A Punishment Vote for Chavismo in Venezuela

Isbel Diaz Torres

Venezuelan president Nicolas Maduro with a painting of former leader Hugo Chavez in the background.
Venezuelan president Nicolas Maduro with a painting of former leader Hugo Chavez in the background.

HAVANA TIMES – We have just witnessed the first electoral defeat suffered by Venezuela’s Chavista government and, now, all “prognosticators” will be able to see how accurate or mistaken their respective predictions were.

These results may of course be interpreted in many different ways, and I would like to share my own perspective. Though it is not as profound and informed as it could be, it at least seeks not to contribute to the silence that sometimes helps besmirch the image of the left around the world.

First and foremost, I believe hard times are ahead of President Maduro and the Venezuelan people (which are definitely not the same thing).

Maduro and his elite, needless to say, are interested in remaining in power and guaranteeing their country’s governability, but their proven incompetence and the pressure to be exerted by a parliamentary majority pitted against them will be a double hurdle that will likely keep them from reaching the end of their terms in office.

I know this would be a kind of relief for many, given the long list of crimes and abuses this government is guilty of, the gradual centralization and verticalization of power, the exclusion of dissenting voices, human rights violations, the shameful corruption of the elite and its populist policies, all carried out in the name of a socialism that seems increasingly absent in daily life and only visible in the speeches of the new Messiah.

The fact of the matter is that, in the 15 years that Chavismo has been in power, the structural components of Venezuela’s capitalist economy were maintained and guaranteed the movement of millions of dollars between the bureaucratic and business elites, as well as between transnational corporations and bankers.

I am not however content to see the opposition make headway, as common folk in this sister nation won’t have an easy time under them either. The maneuvers of dissidents, in many cases, were neither as honest nor democratic as they claim to be, to say nothing of the fact that the “defense of private property” is one of the opposition’s axes, which says quite a lot about what prospects those without any property can have.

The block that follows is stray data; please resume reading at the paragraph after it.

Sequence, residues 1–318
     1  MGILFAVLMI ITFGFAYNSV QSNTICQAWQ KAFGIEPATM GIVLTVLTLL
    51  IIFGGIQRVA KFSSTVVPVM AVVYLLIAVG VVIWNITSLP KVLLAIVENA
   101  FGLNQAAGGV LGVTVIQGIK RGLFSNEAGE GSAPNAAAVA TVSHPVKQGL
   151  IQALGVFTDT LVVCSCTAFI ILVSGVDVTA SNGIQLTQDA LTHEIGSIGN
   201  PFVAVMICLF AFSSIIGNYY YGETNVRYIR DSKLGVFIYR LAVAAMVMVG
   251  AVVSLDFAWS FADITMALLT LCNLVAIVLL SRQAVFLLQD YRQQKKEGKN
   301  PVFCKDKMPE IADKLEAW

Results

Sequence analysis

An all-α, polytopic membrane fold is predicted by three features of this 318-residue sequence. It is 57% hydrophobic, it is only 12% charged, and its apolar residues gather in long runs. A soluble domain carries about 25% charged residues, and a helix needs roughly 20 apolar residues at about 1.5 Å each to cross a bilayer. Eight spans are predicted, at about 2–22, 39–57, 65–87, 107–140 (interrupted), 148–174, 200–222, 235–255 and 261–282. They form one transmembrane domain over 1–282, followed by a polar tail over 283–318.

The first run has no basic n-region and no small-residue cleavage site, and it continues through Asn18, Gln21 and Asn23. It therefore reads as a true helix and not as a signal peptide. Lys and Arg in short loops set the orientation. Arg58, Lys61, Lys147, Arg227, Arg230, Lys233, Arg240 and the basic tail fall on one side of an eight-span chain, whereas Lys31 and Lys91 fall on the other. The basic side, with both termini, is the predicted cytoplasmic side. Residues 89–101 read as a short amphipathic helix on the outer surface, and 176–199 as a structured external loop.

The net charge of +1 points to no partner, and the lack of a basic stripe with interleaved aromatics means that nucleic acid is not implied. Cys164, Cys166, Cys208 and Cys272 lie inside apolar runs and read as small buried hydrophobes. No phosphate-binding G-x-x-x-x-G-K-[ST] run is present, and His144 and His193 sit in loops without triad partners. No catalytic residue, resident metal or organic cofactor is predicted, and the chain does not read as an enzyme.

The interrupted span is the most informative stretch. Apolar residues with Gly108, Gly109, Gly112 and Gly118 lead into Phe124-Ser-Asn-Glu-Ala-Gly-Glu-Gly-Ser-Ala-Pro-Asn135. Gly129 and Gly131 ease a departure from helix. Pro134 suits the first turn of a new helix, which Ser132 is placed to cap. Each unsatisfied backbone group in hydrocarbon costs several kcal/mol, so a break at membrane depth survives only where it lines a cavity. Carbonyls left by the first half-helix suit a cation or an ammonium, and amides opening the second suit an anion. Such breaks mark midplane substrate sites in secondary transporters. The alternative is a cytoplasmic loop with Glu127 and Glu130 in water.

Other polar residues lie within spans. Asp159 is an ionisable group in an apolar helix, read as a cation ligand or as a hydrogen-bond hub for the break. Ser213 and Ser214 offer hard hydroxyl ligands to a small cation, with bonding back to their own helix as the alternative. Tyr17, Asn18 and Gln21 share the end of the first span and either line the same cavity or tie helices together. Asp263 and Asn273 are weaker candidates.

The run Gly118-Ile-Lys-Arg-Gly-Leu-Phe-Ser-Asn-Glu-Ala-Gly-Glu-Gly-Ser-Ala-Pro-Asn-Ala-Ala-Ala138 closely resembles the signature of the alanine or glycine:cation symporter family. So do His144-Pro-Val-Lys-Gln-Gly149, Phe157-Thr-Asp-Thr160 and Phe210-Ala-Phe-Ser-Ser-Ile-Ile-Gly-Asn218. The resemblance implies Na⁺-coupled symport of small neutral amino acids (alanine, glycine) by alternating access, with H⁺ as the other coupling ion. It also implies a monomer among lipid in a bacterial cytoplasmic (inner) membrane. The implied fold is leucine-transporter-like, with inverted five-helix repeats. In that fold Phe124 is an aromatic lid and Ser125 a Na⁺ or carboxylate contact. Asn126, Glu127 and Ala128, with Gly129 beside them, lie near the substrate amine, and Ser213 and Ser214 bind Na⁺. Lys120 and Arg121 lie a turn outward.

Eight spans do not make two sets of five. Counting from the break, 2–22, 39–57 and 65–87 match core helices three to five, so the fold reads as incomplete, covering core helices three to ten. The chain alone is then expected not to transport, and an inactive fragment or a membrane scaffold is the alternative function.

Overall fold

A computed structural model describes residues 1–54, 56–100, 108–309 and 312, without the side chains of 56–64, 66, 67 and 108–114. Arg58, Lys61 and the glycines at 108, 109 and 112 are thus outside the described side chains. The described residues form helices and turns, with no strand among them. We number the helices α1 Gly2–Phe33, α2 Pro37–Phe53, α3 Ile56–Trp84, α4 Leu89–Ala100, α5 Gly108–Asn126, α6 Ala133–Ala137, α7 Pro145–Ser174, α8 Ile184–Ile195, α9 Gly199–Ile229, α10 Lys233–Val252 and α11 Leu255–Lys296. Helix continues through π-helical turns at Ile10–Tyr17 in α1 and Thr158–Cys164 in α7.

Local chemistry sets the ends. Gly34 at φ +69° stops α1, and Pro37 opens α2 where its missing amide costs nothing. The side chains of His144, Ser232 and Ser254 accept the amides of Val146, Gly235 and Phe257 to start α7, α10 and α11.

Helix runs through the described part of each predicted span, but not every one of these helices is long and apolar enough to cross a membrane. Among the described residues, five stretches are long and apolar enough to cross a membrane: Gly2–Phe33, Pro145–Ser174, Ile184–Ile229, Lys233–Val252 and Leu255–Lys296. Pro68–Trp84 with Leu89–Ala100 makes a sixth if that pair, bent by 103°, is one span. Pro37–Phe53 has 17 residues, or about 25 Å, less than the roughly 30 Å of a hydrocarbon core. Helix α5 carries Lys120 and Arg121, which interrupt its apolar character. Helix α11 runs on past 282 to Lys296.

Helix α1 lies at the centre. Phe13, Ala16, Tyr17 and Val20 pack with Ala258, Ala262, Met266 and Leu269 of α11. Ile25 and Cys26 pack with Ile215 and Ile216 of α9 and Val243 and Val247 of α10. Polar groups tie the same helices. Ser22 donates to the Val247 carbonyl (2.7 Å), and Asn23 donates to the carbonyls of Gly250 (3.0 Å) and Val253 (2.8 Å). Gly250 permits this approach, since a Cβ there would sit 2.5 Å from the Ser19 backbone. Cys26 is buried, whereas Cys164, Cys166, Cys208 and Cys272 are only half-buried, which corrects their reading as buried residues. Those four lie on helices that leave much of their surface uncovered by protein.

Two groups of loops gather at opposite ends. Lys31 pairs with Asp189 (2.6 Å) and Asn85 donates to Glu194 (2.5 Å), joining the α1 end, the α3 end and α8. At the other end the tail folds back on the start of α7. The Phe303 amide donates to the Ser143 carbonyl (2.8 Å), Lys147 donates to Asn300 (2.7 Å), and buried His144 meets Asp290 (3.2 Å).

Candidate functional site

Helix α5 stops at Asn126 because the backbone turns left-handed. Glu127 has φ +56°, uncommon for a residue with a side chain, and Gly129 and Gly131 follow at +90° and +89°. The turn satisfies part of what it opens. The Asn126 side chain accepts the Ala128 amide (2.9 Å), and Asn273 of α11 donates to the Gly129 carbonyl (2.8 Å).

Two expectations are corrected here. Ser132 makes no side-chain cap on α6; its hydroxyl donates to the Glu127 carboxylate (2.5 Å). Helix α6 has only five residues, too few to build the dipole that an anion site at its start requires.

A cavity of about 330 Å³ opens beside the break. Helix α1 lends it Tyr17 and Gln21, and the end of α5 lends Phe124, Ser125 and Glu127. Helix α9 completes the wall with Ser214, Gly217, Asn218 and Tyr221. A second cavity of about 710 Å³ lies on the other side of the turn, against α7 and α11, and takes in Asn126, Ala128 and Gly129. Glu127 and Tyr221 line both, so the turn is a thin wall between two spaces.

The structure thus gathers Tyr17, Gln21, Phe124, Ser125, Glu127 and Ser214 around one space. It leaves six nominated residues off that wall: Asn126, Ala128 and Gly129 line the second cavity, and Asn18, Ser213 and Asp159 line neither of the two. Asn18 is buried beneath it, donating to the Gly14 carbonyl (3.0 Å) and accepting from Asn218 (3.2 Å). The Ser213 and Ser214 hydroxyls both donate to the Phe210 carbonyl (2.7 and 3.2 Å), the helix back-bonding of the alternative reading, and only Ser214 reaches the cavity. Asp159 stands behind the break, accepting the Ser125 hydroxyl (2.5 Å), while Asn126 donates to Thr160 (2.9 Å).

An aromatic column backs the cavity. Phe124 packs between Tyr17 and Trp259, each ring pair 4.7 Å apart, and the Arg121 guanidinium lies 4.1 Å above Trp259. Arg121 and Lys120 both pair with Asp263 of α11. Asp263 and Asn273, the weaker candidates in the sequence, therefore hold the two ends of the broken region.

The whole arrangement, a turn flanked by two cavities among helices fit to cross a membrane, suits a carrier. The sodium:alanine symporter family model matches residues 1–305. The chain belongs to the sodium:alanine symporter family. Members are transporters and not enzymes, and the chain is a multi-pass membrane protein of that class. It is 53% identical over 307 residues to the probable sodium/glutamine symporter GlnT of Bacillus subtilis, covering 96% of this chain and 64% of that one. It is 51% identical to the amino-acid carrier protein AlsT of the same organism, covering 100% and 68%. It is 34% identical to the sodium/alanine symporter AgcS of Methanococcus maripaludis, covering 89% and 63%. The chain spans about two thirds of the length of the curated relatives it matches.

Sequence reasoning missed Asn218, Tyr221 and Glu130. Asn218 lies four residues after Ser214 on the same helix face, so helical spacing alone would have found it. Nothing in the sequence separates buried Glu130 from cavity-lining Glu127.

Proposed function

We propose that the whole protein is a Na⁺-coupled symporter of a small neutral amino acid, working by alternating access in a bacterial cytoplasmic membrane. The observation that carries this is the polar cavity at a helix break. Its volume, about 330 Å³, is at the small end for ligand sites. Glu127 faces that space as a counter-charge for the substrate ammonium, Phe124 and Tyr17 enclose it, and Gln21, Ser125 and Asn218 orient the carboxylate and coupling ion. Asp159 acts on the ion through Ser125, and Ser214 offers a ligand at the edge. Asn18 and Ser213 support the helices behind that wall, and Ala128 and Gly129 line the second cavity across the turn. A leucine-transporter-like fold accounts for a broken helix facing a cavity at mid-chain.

Nor do I believe the opposition’s Democratic Unity Roundtable (MUD) gathers all of the “democratic forces” in the country, nor that all of the forces within the MUD are as democratic as they present themselves to be. In addition, the MUD has played the same game as the government, contributing decisively to the political polarization and the tensions that Venezuela experiences today.

If the social achievements of the Chavez government are fading and poverty is expanding across the country, I do not believe this coalition is the best suited to address these issues. In fact, it would not be imprudent to say it will try to eliminate a number of Chavez’ social programs.

As I see it, it is not that the MUD won the elections because of an attractive platform, but that one had to be crazy to vote for a party such as the PSUV, which would guarantee the continuation of current calamities. It was a punishment vote.

To be sure, I do not put much stock in electoral processes, nor in spending tremendous amount of energy around a nation to place someone in a presidential chair, so we can then sit back and wait for them to fulfil our expectations. That said, I respect and admire a number of Venezuelan forces that I consider revolutionary and that take part in these processes.

Regrettably, the typical rifts within the left, a lack of mutual understanding and, in many cases, solidarity, and the certainty of having the one and only answer to the political challenges of the day, served to hand over power to Venezuela’s center-right.